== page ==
The ITC has stressed the need for a light and flexible touch to the regulation of interactive services in a new consultation paper.
The paper, which identifies two key types of interactive services -- dedicated and enhanced -- makes it clear that the ITC does not wish to invent new layers of regulation.
Dedicated services are those stand-alone offerings not related to broadcast programmes. These include shopping malls that link viewers to a range of interactive stores and entertainment services.
For these services the ITC expects the main cause for viewer concern to be misleading sales claims. To prevent this the ITC proposes a 'notify and remove' policy, which puts obligation on the TV station to ensure that content not complying with ITC rules is removed.
The second category, enhanced, covers those services linked with TV programmes, which allow viewers to interact directly with the programme or an ad. The ITC believes the regulation of enhanced services should mirror that applying to existing programming remaining strict, for example, on issues of transparency, where the viewer must know if they are viewing ads or editorial.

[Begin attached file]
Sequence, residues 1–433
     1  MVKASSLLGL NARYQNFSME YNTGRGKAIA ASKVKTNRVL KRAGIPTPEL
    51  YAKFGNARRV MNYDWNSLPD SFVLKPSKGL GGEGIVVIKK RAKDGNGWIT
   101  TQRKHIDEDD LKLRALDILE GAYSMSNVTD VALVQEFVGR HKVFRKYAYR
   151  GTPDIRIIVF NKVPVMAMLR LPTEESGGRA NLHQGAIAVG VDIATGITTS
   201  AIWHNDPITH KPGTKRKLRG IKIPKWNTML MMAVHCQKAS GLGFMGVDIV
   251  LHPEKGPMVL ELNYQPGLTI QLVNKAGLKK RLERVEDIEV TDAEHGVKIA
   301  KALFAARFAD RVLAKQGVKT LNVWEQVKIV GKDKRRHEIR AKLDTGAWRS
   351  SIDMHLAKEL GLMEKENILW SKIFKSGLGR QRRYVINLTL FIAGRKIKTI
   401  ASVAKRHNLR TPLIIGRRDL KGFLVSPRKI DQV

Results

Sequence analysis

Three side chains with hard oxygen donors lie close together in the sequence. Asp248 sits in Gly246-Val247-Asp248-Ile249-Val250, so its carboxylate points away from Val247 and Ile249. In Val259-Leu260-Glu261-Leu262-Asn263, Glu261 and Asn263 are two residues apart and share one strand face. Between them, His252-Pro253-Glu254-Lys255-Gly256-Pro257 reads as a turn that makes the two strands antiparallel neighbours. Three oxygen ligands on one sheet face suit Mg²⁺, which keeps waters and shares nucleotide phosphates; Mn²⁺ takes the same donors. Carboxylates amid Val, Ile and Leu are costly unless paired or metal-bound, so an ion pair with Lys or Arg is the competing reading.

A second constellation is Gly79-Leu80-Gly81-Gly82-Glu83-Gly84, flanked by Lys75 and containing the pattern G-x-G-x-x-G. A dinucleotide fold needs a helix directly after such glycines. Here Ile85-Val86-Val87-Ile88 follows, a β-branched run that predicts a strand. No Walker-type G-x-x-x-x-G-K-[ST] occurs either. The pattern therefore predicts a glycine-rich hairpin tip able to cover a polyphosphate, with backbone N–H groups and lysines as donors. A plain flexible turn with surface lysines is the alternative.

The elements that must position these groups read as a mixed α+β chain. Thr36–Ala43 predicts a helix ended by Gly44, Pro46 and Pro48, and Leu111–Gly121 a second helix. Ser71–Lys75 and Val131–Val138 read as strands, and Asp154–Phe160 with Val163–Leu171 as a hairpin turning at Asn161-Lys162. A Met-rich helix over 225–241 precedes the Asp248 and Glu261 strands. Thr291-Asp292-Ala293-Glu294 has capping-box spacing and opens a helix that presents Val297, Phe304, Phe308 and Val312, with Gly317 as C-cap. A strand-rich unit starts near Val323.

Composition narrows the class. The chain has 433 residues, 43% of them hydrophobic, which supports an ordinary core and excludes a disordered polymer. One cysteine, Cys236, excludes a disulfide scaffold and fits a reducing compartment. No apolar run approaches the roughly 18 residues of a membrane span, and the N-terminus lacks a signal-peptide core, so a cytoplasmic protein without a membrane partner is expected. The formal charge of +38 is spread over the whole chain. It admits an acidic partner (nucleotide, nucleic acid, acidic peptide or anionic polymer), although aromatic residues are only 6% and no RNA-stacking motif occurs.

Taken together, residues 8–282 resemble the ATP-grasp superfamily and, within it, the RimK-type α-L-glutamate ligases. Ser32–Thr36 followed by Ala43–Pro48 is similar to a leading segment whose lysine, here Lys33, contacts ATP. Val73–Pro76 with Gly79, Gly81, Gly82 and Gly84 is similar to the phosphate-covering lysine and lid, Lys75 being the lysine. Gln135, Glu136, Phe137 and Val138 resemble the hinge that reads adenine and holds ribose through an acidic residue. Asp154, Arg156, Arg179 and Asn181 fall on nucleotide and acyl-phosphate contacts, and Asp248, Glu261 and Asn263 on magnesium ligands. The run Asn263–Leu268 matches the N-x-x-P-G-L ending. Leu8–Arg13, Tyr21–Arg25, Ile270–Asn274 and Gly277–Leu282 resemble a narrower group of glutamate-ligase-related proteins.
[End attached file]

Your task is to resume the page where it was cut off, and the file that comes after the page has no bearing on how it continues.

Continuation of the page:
Stephen Locke, the ITC director of advertising and sponsorship, said: "One of the things we have realised is that interactivity is not something that you can regulate. It is functionality. A button on the remote control. What we regulate are the services. It is translating that and working out what the viewer interest is that is our job."
Reponses to the ITC paper are due in by April 28. The next stage will be a draft policy statement due in late summer.